3.2.1.4 Salih Najm al-Din Ayyub Funerary Complex   - Reading: Archnet’s Digital Library: “Salih Najm al-Din Ayyub Funerary Complex” Link: Archnet’s Digital Library: “Salih Najm al-Din Ayyub Funerary Complex” (HTML)
 
Instructions: Please read the entire webpage.  Then, click on the thumbnails at the top right corner of the page to view images of the Salih Najm al-Din Ayyub Funerary Complex.
 
Terms of Use: Please respect the copyright and terms of use displayed on the webpage above.

3.2.2 Ayyubid Ceramics, Metalwork, Wood, and Glass   - Reading: The Metropolitan Museum of Art’s Heilbrunn Timeline of Art History: Suzan Yalman’s “The Art of the Ayubbid Period (c. 1171-1260)" Link: The Metropolitan Museum of Art’s Heilbrunn Timeline of Art History: Suzan Yalman’s “The Art of the Ayyubid Period (c. 1171-1260)" (HTML)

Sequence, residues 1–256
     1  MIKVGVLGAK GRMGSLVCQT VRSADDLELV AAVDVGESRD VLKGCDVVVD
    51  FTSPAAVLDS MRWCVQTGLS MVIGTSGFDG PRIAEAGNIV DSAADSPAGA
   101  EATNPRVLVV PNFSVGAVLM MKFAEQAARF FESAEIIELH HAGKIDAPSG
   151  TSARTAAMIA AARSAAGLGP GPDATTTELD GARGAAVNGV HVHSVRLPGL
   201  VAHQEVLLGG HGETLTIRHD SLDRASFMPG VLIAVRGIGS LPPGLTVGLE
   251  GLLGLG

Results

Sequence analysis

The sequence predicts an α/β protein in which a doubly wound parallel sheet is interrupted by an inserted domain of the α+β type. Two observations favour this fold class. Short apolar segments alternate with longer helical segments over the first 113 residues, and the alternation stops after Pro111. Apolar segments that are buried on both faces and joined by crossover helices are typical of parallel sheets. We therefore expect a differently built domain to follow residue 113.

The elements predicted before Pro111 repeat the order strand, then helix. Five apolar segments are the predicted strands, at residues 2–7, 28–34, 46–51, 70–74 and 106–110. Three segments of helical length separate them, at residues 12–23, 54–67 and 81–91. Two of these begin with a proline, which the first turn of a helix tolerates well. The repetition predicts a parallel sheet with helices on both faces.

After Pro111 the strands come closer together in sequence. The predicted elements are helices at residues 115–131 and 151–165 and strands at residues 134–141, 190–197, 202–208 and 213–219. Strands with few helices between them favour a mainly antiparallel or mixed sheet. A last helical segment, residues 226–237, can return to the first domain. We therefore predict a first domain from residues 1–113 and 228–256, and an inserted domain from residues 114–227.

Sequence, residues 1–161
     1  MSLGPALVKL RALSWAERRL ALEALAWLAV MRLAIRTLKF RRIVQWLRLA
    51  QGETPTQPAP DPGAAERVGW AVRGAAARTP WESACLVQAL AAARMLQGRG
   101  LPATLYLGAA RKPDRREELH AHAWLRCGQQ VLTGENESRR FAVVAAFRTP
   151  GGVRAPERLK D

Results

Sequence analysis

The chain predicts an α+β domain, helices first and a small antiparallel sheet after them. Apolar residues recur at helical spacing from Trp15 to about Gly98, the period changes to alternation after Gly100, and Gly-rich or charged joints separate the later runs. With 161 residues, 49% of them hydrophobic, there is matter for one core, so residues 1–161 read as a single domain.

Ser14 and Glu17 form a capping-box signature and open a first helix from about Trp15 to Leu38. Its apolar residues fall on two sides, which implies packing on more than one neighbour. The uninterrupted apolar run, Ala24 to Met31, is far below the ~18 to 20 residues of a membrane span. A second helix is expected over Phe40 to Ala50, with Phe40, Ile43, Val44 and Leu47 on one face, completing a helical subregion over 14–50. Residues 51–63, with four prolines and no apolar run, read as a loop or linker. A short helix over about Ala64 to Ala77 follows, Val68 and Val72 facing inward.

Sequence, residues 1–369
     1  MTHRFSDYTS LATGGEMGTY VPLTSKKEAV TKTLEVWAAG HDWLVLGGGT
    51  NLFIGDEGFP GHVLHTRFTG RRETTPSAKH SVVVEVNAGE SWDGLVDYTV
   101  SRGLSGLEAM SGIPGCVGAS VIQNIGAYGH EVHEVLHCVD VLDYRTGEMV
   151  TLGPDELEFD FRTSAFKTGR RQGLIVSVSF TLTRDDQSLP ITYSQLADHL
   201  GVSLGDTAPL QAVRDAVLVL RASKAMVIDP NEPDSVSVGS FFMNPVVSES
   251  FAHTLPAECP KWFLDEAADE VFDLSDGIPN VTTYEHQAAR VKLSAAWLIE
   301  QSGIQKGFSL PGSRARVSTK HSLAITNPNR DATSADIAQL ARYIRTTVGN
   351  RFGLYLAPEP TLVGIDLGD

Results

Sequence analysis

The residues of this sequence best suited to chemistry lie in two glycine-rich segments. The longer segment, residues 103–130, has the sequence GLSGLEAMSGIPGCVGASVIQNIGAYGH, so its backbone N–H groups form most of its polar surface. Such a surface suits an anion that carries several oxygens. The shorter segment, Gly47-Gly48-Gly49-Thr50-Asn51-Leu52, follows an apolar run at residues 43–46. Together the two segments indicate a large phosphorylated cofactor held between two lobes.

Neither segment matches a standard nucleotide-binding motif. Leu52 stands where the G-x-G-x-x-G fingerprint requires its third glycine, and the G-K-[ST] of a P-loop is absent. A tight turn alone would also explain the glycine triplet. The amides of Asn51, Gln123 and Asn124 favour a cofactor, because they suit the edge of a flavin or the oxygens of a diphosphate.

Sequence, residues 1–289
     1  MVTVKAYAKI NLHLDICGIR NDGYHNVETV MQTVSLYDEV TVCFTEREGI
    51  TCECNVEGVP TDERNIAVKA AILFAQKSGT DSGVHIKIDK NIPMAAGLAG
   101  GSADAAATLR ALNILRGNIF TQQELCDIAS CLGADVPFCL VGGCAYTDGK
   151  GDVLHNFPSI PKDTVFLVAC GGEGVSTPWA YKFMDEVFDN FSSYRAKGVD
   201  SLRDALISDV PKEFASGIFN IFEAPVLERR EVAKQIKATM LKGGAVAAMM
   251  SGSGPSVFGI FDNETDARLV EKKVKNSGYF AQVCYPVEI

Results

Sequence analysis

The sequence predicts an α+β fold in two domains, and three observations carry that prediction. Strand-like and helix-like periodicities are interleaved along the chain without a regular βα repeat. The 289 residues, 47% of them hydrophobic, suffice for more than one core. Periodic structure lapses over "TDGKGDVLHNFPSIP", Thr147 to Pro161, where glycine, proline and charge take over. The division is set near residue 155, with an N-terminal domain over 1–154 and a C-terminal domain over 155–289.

Instructions: Please read this page as an introduction to the history and art of the Ayyubid period.  After you have read the text, click on “View Slideshow” to explore examples of Ayyubid art in the Metropolitan Museum of Art.  Click on each individual image, and read the accompanying text.
 
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3.3 Mamluk Art and Architecture   - Reading: The Metropolitan Museum of Art’s Heilbrunn Timeline of Art History: Suzan Yalman’s “The Art of the Mamluk Period (1250-1517)” Link: The Metropolitan Museum of Art’s Heilbrunn Timeline of Art History: Suzan Yalman’s “The Art of the Mamluk Period (1250-1517)” (HTML)